Your computer’s RAM (random-access memory) is the speedy short-term memory the PC uses for running applications and open files. The more RAM your computer has, the more you can do at once. Here’s how to check how much your system has installed.
In this guide, we’ll also show you how to check how fast your RAM is. Like practically all technology—except maybe batteries—RAM is getting better and faster over time. Newer computers will have faster RAM than older computers.
RAM stands for “random access memory.” This is the physical working memory that your PC uses. All your open applications, files, and other data are stored here for quick access. RAM is different from your computer’s SSD or hard drive, which are much slower than RAM. When you launch a program or open a file, it’s moved from your system’s storage to its RAM.
The more RAM you have, the more you can do at once. If you don’t have enough RAM for your open applications, your system will slow down as Windows (or another operating system) has to move data in and out of the page file on your system drive. You might even see a low memory error if there’s not enough RAM.
How much RAM you need depends on what you do. You’ll need more RAM for playing the latest PC games, running virtual machines, and editing 4K videos.
You can check how much RAM your Windows PC has in a variety of quick ways.
On Windows 10 and Windows 11, use the Task Manager. Right-click your taskbar at the bottom of the screen and select “Task Manager” or press Ctrl+Shift+Esc to open it. Select the “Performance” tab and choose “Memory” in the left pane. If you don’t see any tabs, click “More Details” first.
The total amount of RAM you have installed is displayed here. The Task Manager also tells you the standard it’s using, the speed, its form factor, and how many of your system’s physical memory slots you’re using. You can install more RAM if you can open your PC (not possible on some laptops) and have some spare slots.
The Task Manager doesn’t offer this useful information on Windows 7. Instead, you can see your total amount of RAM on the Control Panel > System and Security > System page.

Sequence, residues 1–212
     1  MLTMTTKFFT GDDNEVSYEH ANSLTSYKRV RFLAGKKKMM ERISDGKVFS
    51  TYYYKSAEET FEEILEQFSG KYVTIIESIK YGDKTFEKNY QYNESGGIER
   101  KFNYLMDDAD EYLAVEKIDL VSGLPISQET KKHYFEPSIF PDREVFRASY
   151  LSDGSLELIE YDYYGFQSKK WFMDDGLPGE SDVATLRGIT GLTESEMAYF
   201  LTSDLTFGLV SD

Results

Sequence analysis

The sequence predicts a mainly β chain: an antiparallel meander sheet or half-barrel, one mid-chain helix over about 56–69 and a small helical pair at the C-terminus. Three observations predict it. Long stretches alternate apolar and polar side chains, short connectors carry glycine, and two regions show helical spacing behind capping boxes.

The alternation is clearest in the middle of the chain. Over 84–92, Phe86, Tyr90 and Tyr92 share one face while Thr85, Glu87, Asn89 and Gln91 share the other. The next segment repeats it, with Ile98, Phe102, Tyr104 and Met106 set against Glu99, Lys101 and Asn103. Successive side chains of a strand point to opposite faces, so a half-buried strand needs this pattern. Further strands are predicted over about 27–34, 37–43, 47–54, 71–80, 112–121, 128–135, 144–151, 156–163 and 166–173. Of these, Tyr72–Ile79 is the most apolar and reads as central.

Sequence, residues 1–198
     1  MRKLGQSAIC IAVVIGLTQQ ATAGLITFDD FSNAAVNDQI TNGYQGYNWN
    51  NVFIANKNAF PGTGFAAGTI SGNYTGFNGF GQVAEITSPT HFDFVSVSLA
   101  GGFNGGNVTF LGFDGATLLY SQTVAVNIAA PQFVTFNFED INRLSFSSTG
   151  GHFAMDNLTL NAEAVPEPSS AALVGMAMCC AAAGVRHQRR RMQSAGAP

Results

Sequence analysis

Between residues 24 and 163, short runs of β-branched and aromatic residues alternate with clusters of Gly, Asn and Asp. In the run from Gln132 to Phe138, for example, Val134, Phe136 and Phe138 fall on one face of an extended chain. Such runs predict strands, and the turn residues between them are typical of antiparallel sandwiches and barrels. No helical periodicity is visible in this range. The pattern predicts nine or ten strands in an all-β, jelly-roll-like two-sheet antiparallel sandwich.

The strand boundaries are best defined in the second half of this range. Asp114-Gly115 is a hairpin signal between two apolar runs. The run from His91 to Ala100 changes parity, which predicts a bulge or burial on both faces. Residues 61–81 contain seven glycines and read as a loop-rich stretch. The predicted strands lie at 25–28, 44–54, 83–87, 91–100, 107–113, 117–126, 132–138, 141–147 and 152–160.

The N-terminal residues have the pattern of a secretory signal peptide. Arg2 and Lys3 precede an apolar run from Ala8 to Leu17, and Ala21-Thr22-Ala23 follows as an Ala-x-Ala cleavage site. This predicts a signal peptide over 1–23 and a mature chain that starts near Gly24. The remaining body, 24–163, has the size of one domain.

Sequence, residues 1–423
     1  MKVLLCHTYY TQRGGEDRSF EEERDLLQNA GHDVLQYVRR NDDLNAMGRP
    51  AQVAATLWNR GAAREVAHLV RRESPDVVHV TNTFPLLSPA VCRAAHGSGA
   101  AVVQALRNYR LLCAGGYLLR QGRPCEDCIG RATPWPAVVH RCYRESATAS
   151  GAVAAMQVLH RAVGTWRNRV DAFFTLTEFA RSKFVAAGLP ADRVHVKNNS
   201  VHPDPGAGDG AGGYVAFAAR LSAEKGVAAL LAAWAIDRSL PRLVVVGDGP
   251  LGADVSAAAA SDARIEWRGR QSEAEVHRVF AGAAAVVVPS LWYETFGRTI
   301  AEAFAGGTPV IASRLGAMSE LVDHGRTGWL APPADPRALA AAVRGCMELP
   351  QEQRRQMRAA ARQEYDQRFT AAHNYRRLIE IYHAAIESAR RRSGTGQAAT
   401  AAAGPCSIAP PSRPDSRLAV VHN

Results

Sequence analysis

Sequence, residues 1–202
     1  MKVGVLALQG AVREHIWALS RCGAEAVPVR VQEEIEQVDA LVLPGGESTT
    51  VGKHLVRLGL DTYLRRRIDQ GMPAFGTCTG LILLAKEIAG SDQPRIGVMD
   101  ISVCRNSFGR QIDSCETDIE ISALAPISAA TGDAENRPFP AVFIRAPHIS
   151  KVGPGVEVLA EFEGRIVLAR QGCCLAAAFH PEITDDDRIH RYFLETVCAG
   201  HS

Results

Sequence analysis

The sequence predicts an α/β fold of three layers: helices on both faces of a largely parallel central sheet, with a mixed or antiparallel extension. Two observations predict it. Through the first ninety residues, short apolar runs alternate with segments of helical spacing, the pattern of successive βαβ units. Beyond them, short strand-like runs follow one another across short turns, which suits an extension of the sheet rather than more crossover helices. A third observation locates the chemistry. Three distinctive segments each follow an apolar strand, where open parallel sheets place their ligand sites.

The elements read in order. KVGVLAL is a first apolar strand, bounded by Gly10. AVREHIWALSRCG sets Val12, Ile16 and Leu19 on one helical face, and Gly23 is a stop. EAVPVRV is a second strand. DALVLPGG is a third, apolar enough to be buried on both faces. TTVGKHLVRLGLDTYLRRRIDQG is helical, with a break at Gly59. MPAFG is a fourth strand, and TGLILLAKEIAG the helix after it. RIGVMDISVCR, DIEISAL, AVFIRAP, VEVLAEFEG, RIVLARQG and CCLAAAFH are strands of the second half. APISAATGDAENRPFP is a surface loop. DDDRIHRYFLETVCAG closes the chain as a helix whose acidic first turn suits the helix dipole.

You can also quickly open this by opening your Start menu, right-clicking “Computer,” and selecting “Properties.” Look to the right of “Installed Memory” under System.
If you build your own PC, your RAM may not run at its advertised timing until you tweak the timings.
This information is generally displayed in your system’s UEFI firmware or BIOS, too. This is particularly helpful if you’re using a PC without a working operating system. Just boot it up, use the keyboard shortcut to enter its BIOS or UEFI firmware (it’s different on each PC), and look for information about the system’s memory or RAM.
It’s much easier to see how much RAM is in your Mac. But, unlike most Windows machines, it’s nearly impossible to upgrade the RAM in Apple computers. If you own a MacBook, the RAM is soldered onto the motherboard and isn’t user accessible.
Start by clicking on the Apple icon in the top-left corner of your Mac’s display.
Next, select the “About This Mac” option from the drop-down context menu.
You will now see an overview of your computer’s specs, including how much memory is in your Mac. In this example, the MacBook has 16GB of RAM.
If you would like to see which type of RAM you have installed, first, click the “System Report” button.
From there, choose “Memory” from the left sidebar. The amount of memory and type of RAM will be displayed on the right side of the screen.